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Event Viewer
Eventvwr icon.png
Windows Vista Event Viewer.png
Event Viewer in Windows Vista SP1
Developer(s) Microsoft
Stable release 6.0.6001 / February 4, 2008
Operating system Microsoft Windows
Type Event Viewer
License Microsoft EULA
Event Viewer in Windows XP.
Event Viewer in Windows Vista.

Event Viewer, a component of Microsoft's Windows NT line of operating systems, lets administrators and users view the event logs on a local or remote machine. In Windows Vista, Microsoft overhauled the event system.[1]



Windows NT has featured event logs since its original release in 1993. Applications and operating system components can make use of this centralized log service to report events that have taken place, such as a failure to start a component or complete an action. The system defines three log sources:

  1. "System"
  2. "Application"
  3. "Security"

Microsoft intends the System and Application log sources for use by the Windows operating system and Windows applications respectively. Only the Local Security Authority Subsystem Service (lsass.exe) can directly write to the Security log.

The Event Viewer uses event IDs to define the uniquely identifiable events that a Windows computer can encounter. For example, when a user's authentication fails, the system may generate Event ID 672.

Windows NT 4.0 added support for defining "event sources" (i.e. the application which created the event) and performing backups of logs.

Windows 2000 added the capability for applications to create their own log sources in addition to the three system-defined "System", "Application", and "Security" log files. Windows 2000 also replaced NT4's Event Viewer with a Microsoft Management Console (MMC) snap-in.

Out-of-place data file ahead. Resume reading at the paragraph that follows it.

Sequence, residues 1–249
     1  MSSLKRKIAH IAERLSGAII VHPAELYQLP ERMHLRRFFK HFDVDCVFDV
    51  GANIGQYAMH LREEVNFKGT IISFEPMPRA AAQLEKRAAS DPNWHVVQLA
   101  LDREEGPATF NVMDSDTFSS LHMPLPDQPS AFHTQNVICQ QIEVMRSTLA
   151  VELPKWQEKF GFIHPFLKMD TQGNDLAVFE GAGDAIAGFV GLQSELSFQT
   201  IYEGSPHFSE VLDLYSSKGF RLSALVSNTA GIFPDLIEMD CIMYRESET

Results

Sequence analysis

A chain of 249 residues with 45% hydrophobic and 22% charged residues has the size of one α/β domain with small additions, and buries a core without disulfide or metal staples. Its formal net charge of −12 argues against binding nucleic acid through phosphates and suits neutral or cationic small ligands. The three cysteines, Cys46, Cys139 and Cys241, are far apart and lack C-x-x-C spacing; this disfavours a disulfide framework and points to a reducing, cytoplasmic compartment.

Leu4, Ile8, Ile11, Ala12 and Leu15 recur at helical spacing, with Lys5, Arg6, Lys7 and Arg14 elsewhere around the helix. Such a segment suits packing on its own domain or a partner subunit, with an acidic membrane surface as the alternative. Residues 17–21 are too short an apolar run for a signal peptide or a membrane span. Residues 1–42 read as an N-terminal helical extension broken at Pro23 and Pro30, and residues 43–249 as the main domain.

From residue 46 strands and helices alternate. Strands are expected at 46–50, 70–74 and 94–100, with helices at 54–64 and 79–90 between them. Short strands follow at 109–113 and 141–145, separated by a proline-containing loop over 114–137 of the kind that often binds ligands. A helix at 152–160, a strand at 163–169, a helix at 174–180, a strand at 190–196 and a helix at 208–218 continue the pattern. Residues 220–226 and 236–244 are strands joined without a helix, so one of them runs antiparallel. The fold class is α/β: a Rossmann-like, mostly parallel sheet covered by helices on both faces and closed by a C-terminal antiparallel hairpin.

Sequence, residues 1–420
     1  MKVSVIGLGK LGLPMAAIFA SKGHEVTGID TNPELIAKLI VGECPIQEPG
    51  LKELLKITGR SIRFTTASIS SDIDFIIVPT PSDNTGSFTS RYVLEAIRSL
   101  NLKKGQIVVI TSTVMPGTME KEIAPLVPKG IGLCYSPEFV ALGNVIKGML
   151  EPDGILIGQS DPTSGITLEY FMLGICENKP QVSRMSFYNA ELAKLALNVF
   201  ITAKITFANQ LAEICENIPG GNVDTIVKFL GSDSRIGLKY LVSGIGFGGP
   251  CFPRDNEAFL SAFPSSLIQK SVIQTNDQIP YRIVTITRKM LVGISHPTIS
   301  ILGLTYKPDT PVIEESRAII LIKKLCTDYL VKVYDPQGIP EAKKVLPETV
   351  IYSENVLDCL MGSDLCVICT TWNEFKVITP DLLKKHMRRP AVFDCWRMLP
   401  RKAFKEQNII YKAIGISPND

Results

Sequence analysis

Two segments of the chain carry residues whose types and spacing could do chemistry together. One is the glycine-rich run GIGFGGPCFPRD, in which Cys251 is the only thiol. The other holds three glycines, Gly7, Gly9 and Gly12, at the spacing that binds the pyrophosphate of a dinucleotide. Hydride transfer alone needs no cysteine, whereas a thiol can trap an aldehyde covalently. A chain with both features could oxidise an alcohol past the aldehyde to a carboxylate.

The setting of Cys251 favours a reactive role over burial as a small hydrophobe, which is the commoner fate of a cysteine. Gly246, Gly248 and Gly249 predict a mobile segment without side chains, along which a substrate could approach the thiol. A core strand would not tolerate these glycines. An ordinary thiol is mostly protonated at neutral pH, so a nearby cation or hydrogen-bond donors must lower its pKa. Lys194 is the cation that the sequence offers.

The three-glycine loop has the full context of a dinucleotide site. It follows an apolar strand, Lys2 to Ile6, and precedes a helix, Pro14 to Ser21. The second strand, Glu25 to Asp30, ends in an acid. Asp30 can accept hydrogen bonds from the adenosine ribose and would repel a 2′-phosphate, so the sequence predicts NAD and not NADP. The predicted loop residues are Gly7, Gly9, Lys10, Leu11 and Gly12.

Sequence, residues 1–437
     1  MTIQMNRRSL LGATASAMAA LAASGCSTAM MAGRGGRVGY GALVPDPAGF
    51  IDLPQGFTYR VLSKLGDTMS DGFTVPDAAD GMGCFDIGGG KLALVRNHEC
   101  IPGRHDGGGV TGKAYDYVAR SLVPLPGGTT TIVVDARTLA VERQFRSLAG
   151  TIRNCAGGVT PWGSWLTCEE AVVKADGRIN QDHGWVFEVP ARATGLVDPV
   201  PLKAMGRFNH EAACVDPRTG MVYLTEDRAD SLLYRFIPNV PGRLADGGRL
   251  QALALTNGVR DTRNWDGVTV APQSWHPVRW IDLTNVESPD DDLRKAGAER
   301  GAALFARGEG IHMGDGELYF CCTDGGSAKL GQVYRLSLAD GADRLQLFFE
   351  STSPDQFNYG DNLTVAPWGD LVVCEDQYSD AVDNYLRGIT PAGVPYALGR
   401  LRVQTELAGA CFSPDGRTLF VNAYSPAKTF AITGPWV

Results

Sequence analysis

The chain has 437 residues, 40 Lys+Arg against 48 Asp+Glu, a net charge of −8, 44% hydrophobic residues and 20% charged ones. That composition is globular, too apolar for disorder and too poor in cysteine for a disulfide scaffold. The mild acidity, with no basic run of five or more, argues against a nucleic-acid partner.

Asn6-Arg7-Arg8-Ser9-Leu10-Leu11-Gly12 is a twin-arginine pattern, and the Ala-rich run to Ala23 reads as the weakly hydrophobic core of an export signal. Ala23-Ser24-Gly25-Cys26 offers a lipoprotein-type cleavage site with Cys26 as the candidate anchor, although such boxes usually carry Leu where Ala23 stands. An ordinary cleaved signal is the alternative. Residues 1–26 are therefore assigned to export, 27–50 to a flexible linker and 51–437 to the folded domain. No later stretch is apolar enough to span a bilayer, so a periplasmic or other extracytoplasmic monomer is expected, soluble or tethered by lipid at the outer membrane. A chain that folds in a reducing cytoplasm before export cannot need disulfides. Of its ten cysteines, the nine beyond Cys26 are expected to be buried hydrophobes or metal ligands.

Windows Server 2003 added the AuthzInstallSecurityEventSource() API calls so that applications could register with the security event logs, and write security audit entries.[2]

Versions of Windows based on the Windows NT 6.0 kernel (Windows Vista and Windows Server 2008) no longer have a 300-megabyte limit to their total size. Prior to NT 6.0, the on-disk files were opened as memory-mapped files in kernel memory space, which used the same memory pools as other kernel components.

Windows Vista

Event Viewer consists of a rewritten event tracing and logging architecture on Windows Vista.[1] It has been rewritten around a well-defined structured XML log-format and a designated log type to allow applications to more precisely log events and make it easier for support technicians and developers to interpret the events. The XML representation of the event can be viewed on the Details tab in an event's properties. It is also possible to view all potential events, their structures, registered event publishers and their configuration using the wevtutil utility, even before the events are fired. There are a large number of different types of event logs including Administrative, Operational, Analytic, and Debug log types. Selecting the Application Logs node in the Scope pane reveals numerous new subcategorized event logs, including many labeled as diagnostic logs. Analytic and Debug events which are high frequency are directly saved into a trace file while Admin and Operational events are infrequent enough to allow additional processing without affecting system performance, so they are delivered to the Event Log service. Events are published asynchronously to reduce the performance impact on the event publishing application. Event attributes are also much more detailed and show EventID, Level, Task, Opcode, and Keywords properties.